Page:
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3 Things Your Small Business Can Do to Flex Powerful Marketing Muscles (With Examples)

Peter Steiner is responsible for one of the New Yorker cartoons that I hold in the highest regard.

It depicts a pair of canines. One of them is typing on a computer, and he says to the other one, who is sitting on the floor: “On the Internet, no one knows you’re a dog.” (A fun fact about the cartoon is that it has become the New Yorker cartoon that has been reproduced the most.)

This also applies to moderately sized businesses:

Nobody knows that you run a small business if you do business on the Internet

You have access to the same marketing and sales opportunities online as your more established competitors who are larger. This remains the case even if you operate with a more limited spending plan and access to fewer resources.

You, on the other hand, have an opportunity that larger companies do not: you have the passion of an owner or manager who puts their heart and soul into the business. Your more established rivals simply cannot come close to matching that.

It’s possible that comes off as too fluffy—more like a luxury item than a valuable asset for the company. However, in my experience, it is a significant point of differentiation.

So, what does that entail in an operational sense?

The marketing muscles of small and medium-sized businesses can be exercised in three different ways that are surprisingly effective despite their size.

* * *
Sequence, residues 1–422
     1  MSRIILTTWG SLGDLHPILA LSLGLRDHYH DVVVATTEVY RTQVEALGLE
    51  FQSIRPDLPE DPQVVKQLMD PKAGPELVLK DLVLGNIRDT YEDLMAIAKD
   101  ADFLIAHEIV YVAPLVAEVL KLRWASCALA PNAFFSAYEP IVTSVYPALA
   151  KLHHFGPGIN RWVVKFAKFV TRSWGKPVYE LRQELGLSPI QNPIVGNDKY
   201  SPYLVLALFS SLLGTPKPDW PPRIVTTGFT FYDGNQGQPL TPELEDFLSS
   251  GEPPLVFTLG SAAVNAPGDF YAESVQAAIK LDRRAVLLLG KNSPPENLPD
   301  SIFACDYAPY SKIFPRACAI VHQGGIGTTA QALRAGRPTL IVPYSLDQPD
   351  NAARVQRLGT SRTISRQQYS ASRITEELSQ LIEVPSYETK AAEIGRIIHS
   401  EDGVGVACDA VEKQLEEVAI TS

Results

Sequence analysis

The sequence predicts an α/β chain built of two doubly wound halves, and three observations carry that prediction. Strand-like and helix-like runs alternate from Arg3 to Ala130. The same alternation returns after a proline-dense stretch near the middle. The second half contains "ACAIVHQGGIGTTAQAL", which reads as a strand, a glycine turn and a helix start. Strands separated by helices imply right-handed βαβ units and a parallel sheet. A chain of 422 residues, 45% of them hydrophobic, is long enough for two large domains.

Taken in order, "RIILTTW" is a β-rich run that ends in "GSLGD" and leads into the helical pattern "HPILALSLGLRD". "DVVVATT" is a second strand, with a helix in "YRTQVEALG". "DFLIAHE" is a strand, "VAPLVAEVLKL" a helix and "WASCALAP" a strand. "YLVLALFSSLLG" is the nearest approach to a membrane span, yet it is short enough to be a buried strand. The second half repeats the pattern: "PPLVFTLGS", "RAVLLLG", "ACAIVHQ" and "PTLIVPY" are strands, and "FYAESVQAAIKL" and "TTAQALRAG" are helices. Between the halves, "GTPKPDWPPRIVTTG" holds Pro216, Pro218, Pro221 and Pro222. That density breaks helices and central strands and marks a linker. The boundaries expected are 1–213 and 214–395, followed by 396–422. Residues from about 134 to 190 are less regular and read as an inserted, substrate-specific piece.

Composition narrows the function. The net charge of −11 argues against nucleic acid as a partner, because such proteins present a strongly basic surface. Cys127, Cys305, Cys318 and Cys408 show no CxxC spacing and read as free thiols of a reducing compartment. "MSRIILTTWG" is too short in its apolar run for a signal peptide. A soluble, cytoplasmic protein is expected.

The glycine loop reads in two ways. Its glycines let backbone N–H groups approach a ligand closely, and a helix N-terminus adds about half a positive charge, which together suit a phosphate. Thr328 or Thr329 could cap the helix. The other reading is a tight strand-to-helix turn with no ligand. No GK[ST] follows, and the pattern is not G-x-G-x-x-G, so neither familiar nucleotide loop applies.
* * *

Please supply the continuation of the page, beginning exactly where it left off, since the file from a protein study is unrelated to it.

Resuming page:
1. Focusing intently on one thing. Too often, the smaller organizations I speak with are plagued by a lack of strategic and operational focus. (This is also true of the larger ones. But it’s a topic that should be saved for another essay.)

So… FOCUS. Don’t squander your marketing efforts by spreading them out across a wide variety of platforms and chances. Concentrate on being insanely excellent at one or two things, and do this regularly.

Especially at this time, I’d want to subscribe to your email newsletter. Here, I outline 11 reasons why it is more vital than ever before for you to have an email newsletter.

Of course, your email newsletter is not the only option available to you. But make your choice carefully.

Exhibit A:

For many years, Brain Pickings was organized around a single weekly email. Although I get quite a lot of email, the Brain Pickings newsletter is without fail one of the few that I look forward to reading each week.

It is significant and important, and it arrives in my email at the ideal time: smack in the midst of the weekend, on Sunday morning. This is intentional, since the Brain Pickings newsletter is meant to be a lengthy and reflective read, which makes it the ideal material for a leisurely Sunday morning.

After 12 years of publishing a Sunday newsletter, Maria Papova of Brain Pickings did not switch gears and launch a webinar program or a podcast; instead, she doubled down on what was already working and published a second newsletter. This allowed her to continue to reach out to her audience in the most effective manner possible.

Wednesday is the publication day for that second bulletin. Even better: since it draws from the extensive archives of Brain Pickings, the content of that newsletter remains relevant indefinitely.

On her website, the following pop-up advertisement may be found:

Takeaway for Marketing: The lesson to be learned here is that sometimes in marketing, we have a tendency to make things more complicated than they need to be. We take a gander at the glittering prospect and wonder: Should we develop an Alexa app? Should we be on IGTV? rather than focusing on providing a superior experience on the platform that makes the most intuitive sense for your target demographic.

Ask yourself: If your audience like the material you provide, you should ask yourself how you can improve upon what you are currently doing or what you already have rather than trying to create something entirely new. How can you take that experience and make it richer or broader rather than starting from scratch with something entirely new?

2. Patience that builds with time. Achieving success in marketing takes time and patience. It takes time to build a successful company.